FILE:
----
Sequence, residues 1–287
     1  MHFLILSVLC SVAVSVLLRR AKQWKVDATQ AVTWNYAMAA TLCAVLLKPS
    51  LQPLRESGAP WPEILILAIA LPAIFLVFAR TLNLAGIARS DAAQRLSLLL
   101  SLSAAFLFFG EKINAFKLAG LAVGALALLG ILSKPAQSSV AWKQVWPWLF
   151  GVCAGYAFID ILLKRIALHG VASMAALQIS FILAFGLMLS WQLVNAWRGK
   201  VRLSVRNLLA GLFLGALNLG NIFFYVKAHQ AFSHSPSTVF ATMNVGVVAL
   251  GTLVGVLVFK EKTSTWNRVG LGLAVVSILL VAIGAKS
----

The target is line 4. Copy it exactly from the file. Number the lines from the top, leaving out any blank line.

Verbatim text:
   101  SLSAAFLFFG EKINAFKLAG LAVGALALLG ILSKPAQSSV AWKQVWPWLF